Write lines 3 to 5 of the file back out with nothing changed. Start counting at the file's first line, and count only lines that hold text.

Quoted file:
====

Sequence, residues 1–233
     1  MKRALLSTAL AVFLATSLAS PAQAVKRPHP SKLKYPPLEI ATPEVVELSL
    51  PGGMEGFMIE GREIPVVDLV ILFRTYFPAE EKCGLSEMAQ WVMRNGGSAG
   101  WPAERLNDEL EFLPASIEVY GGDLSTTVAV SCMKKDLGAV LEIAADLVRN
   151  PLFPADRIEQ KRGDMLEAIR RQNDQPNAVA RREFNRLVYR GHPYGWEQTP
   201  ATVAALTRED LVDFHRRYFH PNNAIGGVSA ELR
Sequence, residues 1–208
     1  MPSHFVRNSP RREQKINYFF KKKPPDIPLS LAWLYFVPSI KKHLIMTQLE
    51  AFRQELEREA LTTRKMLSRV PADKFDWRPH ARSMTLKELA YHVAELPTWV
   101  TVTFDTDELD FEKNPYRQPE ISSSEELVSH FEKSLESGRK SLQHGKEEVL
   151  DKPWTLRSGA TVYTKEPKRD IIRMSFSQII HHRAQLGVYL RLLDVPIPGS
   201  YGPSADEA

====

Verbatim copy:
    51  PGGMEGFMIE GREIPVVDLV ILFRTYFPAE EKCGLSEMAQ WVMRNGGSAG
   101  WPAERLNDEL EFLPASIEVY GGDLSTTVAV SCMKKDLGAV LEIAADLVRN
   151  PLFPADRIEQ KRGDMLEAIR RQNDQPNAVA RREFNRLVYR GHPYGWEQTP